ODMs a 'threat' to Euro server biz? Well, yes, says HP exec
They're heeeere (in the US) and they're coming to Europe
HP Europe is braced for the looming "threat" from Far Eastern ODMS that are building custom servers to order for bulky service providers.
Beancounters at IDC have split out white box server makers as a separate segment because of their ballooning share of sales and growing influence on the global stage.
Some cloudy firms are bypassing the traditional bulky server firms to buy complete- and partial sub-systems with local configuration managed by large integrators.
"As service providers build out their environment they are clearly looking at all kinds ways to get the supply chain to give them the cost and value points they want," he told El Chan at HP's Global Partner knees-up.
"Initially it has affected the US more than the European market and what that really allows us to do in Europe is know it's coming, it's a threat and we need to make sure we are delivering value."
According to IDC's 2013 data, the ODM Direct segment, which includes firms such as Quanta Computer, Wistron and Compal Electronics, grew 57.3 per cent to $2.8bn as the market declined 4.4 per cent to $49.7bn.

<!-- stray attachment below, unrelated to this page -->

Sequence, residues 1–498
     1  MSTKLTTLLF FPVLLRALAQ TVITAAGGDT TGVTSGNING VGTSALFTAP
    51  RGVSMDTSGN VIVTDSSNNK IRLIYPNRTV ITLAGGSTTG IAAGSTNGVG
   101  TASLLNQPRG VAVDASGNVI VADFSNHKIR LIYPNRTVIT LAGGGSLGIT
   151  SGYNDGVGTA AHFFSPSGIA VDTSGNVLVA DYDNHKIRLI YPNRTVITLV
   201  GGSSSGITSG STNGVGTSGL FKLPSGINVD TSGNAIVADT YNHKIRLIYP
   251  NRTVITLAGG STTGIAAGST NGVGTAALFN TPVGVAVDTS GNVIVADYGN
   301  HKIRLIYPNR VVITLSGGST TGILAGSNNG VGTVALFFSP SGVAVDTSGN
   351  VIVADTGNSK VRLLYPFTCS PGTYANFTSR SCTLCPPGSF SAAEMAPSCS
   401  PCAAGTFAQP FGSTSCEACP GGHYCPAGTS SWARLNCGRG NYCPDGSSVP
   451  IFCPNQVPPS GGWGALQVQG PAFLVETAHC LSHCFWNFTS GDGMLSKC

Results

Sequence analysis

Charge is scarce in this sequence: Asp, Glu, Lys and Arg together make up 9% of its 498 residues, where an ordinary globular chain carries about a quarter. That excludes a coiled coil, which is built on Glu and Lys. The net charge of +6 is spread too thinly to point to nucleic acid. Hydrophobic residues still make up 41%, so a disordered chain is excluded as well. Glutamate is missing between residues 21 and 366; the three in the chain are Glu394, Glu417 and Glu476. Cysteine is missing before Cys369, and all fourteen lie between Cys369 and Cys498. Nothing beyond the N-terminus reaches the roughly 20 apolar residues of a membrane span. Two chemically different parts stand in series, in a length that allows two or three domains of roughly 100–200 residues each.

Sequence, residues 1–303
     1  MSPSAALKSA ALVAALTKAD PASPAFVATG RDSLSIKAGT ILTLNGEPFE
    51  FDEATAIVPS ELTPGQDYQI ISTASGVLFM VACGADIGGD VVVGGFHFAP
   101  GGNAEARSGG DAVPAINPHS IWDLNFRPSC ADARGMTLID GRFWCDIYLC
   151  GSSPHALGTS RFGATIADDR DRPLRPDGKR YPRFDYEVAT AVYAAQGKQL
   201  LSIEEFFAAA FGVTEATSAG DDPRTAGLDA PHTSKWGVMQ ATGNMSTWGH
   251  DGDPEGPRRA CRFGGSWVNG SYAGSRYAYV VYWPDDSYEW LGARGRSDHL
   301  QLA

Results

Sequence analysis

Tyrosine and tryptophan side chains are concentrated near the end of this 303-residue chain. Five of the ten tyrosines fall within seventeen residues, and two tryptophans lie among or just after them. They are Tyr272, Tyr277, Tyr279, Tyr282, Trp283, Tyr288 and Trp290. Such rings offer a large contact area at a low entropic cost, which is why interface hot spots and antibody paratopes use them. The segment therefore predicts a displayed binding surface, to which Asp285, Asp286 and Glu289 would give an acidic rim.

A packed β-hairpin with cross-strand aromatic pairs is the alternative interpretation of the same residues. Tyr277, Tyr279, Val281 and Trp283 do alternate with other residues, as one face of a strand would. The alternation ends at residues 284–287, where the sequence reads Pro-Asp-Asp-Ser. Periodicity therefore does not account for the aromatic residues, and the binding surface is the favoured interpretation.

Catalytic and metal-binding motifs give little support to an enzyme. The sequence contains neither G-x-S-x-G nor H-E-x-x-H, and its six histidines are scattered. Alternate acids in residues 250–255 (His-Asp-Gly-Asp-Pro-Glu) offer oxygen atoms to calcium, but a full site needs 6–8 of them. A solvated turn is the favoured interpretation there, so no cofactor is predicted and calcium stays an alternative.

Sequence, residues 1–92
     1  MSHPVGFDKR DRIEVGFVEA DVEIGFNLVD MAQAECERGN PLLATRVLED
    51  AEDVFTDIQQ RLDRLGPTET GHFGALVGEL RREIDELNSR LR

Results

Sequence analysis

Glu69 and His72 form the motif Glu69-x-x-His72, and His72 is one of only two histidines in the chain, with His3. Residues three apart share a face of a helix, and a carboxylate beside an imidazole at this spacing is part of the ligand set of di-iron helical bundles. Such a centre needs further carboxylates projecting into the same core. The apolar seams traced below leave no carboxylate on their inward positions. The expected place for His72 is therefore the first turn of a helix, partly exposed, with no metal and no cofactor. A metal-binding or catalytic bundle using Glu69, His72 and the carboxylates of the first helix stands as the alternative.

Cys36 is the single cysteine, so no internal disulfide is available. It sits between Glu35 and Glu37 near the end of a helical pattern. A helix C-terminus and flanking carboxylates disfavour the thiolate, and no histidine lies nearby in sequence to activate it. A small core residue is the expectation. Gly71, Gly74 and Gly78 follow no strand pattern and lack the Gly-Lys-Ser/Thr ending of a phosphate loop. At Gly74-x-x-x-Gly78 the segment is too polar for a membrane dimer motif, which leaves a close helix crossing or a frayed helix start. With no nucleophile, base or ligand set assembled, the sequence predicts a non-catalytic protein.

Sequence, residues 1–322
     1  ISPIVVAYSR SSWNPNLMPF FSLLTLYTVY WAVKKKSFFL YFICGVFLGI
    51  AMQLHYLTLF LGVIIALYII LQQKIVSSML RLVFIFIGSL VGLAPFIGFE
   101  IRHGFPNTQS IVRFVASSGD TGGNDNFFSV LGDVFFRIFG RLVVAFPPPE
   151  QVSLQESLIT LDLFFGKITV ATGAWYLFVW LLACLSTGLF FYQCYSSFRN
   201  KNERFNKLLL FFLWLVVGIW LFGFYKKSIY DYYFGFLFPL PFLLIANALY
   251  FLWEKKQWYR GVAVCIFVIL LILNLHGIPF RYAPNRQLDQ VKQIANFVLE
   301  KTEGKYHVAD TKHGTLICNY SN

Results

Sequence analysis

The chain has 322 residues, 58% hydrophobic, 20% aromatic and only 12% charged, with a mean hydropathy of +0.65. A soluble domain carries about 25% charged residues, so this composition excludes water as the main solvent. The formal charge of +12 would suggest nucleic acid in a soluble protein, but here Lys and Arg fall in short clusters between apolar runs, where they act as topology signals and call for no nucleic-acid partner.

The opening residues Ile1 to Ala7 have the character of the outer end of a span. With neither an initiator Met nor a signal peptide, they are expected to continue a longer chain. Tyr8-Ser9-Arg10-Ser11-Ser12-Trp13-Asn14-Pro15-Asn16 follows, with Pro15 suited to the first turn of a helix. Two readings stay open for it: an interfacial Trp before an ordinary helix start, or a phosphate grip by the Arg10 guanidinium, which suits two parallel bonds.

HP's worldwide server revenues slipped 6.4 per cent to $13.2bn, IBM sales collapsed with only Dell and Cisco reporting growth.
In EMEA, HP declined 7.1 per cent in 2013 to $4.73bn, worse the market average but in Q4 sales fell two per cent as total market revenues dropped 5.2 per cent.
Ryan claimed the ODM trend was "disproportionately affecting some of our competition, some of them are going through tough times at the moment".
This looks to be a thinly veiled attack on IBM, which is offloading its x86 biz to Lenovo, and privately owned Dell which is currently chopping out costs across the business. Dell actually grew in 2013 across EMEA but declined in Q4.
The Enterprise Group honcho told us that rather than losing sleep over ODMs, HP is pushing hard on server architectures such as Moonshot, which the firm said uses 89 per cent less energy and 80 per cent less space.
"We'll get through this based on innovation but at the same time we have got to have the most effective supply chain to make sure people can't just go somewhere else that is cheaper and good enough," he said.
HP has a "vibrant" business with tier two and three service providers "almost all" via channel partners but is running "transformation workshops" in a bid to tighten up services skills.
Ryan said: "We are using [these] with partners to help them think through how they can evolve their business in the light of the service provider market." ®